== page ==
Washington faces two major problems in the Middle East. It is trying to contain the Israeli-Palestinian conflict through negotiations, at the very least to prevent war between Israel and its neighbors. But at the same time the Bush administration is also working to contain Iraq.

Washington has been cautious not to launch a substantial attack on Iraq for fear of the potential impact on the Israeli- Palestinian conflict. But Hussein now appears eager to link the conflicts, exploiting the Israeli crisis to escape Iraq's containment. The United States may have no choice but to strike first.

The Pentagon's explanation of the F-16 incident over Syria is difficult to believe. Syrian airspace is politically sensitive, and the U.S. pilot logically would have the sense and navigational tools to avoid it. Moreover, considering the time the F-16 spent in Syrian airspace, it appears it crossed some 200 miles of Syrian territory. Assuming a straight flight to the point at which it entered Iraq, the F-16 would have entered Syria south of the Turkish city of Gaziantep. That path is almost a beeline from Incirlik.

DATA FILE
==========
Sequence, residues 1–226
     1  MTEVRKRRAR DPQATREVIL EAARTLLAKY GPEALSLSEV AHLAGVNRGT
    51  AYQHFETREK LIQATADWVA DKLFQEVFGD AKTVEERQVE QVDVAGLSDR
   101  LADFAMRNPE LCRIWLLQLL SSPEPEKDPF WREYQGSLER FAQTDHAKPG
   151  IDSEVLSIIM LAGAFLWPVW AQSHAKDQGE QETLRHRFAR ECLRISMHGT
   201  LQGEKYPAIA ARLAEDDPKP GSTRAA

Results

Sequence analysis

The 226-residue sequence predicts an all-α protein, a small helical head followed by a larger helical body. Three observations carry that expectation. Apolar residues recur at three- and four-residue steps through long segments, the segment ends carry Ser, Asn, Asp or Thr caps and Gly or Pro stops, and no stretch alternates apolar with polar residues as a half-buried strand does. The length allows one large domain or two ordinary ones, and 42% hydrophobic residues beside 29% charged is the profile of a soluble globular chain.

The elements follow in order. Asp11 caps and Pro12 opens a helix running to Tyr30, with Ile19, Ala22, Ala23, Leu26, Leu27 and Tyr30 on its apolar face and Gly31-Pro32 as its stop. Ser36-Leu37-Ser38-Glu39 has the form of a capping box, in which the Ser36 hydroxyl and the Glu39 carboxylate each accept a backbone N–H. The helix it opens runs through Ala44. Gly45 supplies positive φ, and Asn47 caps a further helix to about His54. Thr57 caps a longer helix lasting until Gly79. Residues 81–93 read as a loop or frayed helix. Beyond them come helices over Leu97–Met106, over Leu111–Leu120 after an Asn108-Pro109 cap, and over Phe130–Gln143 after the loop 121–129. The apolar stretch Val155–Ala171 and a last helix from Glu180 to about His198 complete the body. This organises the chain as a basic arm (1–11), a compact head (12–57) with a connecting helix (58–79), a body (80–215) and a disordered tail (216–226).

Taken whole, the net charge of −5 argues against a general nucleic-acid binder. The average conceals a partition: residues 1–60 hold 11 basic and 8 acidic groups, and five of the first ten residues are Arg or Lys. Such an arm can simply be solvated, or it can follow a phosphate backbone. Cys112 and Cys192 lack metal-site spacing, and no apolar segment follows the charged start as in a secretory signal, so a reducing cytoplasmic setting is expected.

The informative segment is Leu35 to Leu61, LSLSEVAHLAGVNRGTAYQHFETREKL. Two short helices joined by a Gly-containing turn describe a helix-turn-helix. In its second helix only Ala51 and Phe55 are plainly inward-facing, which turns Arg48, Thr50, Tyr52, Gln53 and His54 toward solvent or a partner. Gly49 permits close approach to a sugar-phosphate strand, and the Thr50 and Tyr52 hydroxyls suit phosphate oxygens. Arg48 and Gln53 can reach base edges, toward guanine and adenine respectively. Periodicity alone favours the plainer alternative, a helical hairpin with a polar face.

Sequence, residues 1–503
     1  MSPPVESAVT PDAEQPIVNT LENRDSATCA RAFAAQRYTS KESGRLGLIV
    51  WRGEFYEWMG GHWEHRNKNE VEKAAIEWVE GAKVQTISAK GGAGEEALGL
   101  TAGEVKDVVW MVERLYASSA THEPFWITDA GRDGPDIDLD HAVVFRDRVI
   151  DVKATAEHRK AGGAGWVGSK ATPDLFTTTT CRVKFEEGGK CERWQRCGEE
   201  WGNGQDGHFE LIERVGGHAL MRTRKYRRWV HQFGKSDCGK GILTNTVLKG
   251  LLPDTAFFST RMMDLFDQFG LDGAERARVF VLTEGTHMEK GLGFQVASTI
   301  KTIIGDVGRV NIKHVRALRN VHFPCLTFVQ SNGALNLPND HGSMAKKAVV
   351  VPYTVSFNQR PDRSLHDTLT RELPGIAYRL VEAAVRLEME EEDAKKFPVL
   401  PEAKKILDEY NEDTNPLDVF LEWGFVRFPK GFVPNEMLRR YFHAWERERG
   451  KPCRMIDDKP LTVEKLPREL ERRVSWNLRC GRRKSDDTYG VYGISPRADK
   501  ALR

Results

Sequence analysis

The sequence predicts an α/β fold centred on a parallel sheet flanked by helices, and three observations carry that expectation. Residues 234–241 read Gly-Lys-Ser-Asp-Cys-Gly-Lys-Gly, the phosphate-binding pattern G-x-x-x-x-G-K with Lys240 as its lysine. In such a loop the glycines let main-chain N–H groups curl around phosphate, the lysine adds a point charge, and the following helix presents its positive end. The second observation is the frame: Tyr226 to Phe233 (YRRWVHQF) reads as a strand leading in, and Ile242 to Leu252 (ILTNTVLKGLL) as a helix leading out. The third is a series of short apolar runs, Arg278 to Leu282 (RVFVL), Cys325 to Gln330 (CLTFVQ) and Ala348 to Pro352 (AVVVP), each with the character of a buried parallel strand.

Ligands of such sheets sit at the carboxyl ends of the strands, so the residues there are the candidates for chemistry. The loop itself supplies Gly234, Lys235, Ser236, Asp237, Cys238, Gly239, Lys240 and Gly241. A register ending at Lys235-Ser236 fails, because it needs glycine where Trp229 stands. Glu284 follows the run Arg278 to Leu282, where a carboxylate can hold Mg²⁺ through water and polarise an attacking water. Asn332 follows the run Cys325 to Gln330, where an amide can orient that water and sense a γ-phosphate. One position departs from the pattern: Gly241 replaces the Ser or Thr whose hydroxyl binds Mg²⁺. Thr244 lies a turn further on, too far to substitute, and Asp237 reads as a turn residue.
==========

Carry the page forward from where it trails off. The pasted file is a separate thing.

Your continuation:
Also, the F-16 pilot was reportedly flying alone. It would seem unwise to send a single F-16 off to Iraq without support, given increased Iraqi air-defense efforts. Allied planes usually patrol the no-fly zones in groups of several dozen, and according to the Air Force, Iraq fired missiles at the patrol on Aug. 15.

The more likely explanation is that the multi-role fighter was sent on a reconnaissance mission over Syria. The F-16 is not usually the first choice for reconnaissance; satellites and dedicated reconnaissance aircraft can carry out such missions from afar.